Winners and losers from Reserve Bank’s Melbourne Cup Day interest rate hike

November 16, 2023
Image: Green Left

When new Reserve Bank of Australia (RBA) governor Michelle Bullock announced the latest interest rate hike on Melbourne Cup Day on November 7 she repeated a familiar script.

“Returning inflation to target within a reasonable timeframe remains the Board’s priority. High inflation makes life difficult for everyone and damages the functioning of the economy.

“It erodes the value of savings, hurts household budgets, makes it harder for businesses to plan and invest, and worsens income inequality,” she said.

This gives the impression the hike is in everyone’s interest.

But there were more losers than winners — as at the Flemington Racecourse.

For the majority of working class families, the decision spelt higher mortgage replacements, higher rents, a further erosion of real incomes and no relief from rising costs of living.

Just two days later, new data released by the Organisation for Economic Co-operation and Development (OECD) showed that Australian households suffered the largest fall in real living standards (-5.1% over the year to June) of any advanced economy over the past year, the Australian Financial Review reported.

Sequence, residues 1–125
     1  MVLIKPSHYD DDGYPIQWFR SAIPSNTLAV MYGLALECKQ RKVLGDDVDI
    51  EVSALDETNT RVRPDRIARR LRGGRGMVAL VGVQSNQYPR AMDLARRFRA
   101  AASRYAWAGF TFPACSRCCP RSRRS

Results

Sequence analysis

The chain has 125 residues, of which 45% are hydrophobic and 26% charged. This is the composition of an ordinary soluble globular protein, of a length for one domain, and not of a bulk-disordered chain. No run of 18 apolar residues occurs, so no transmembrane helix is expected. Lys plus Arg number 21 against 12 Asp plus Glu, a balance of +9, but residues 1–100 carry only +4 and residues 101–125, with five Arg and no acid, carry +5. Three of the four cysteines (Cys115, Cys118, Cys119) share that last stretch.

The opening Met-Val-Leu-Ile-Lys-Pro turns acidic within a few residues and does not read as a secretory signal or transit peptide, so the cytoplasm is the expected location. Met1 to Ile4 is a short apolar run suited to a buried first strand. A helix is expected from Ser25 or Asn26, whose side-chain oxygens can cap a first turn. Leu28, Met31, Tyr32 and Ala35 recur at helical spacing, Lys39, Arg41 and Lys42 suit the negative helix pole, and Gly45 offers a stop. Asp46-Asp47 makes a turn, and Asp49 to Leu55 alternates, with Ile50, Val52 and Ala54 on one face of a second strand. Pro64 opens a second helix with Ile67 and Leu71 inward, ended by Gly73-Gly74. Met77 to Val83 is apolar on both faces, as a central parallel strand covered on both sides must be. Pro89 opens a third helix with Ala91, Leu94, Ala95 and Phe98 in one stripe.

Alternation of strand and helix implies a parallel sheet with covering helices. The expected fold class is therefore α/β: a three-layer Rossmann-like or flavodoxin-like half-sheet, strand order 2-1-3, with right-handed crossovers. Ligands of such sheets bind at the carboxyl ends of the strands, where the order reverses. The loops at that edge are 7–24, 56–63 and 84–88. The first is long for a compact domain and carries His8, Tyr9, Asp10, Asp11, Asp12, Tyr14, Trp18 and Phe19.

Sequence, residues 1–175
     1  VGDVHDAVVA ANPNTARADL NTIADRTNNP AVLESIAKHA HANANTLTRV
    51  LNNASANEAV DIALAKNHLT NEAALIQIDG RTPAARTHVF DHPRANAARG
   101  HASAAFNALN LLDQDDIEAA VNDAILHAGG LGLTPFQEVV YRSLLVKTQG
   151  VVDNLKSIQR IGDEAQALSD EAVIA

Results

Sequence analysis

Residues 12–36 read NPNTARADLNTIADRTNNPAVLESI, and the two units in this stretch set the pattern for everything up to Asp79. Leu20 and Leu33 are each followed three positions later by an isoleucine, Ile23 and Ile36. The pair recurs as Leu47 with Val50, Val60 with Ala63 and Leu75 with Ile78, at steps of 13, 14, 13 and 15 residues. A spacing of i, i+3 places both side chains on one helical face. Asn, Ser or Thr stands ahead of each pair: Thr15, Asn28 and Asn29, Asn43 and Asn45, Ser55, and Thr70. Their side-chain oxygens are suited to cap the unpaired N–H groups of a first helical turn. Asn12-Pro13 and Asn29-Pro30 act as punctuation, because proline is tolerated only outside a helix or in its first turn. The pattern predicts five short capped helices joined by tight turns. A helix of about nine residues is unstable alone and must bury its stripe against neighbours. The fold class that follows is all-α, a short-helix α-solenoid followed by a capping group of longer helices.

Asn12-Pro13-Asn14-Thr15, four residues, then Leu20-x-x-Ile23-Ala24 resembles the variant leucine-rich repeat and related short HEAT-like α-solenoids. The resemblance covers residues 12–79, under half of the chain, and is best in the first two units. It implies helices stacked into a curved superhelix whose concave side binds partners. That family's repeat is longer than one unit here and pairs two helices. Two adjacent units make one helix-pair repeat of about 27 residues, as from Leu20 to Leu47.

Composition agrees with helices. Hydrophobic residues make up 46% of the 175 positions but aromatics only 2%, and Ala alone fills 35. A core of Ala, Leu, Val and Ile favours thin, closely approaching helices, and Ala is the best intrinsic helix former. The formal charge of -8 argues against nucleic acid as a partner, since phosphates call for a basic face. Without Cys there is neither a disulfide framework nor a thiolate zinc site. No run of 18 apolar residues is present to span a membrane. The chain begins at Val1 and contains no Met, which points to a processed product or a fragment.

This follows a 4.5% fall in real wages over the previous year.

However, for many big corporations the RBA decision was not bad news at all.

Not only did it show that the RBA was doing its job of protecting their ability to plan and invest, it was also making sure the main burden of “fighting inflation” would continue to fall on the exploited majority.

The RBA’s decision also leaves fossil fuel companies free to continue to reap super profit from high fuel prices, as can the major supermarket chains. 

For the biggest banks — who were already celebrating their huge $32 billion combined profit — there was an extra bonus courtesy of the RBA.

As Alan Kohler explained on ABC on November 13, the RBA announced not only that it would charge banks an extra 0.25% on its overnight cash loans to them but that it would pay them an extra 0.25% on their deposits with the RBA.

The RBA used to make money on this sort of deal in the past, but since the COVID-19 pandemic, the banks’ deposits in the RBA have blown out from around $25 billion to $362.5 billion.

This is because during the pandemic the RBA gave the banks a big pile of cash to pump up the economy, but much of that was invested by the banks into the RBA.

Kohler went on to explain that the RBA decision not only means that the banks will charge struggling home mortgage owners higher repayments, they will also get paid nearly an extra billion dollars in interest from the publicly-owned RBA.

Once again the big banks are big winners!

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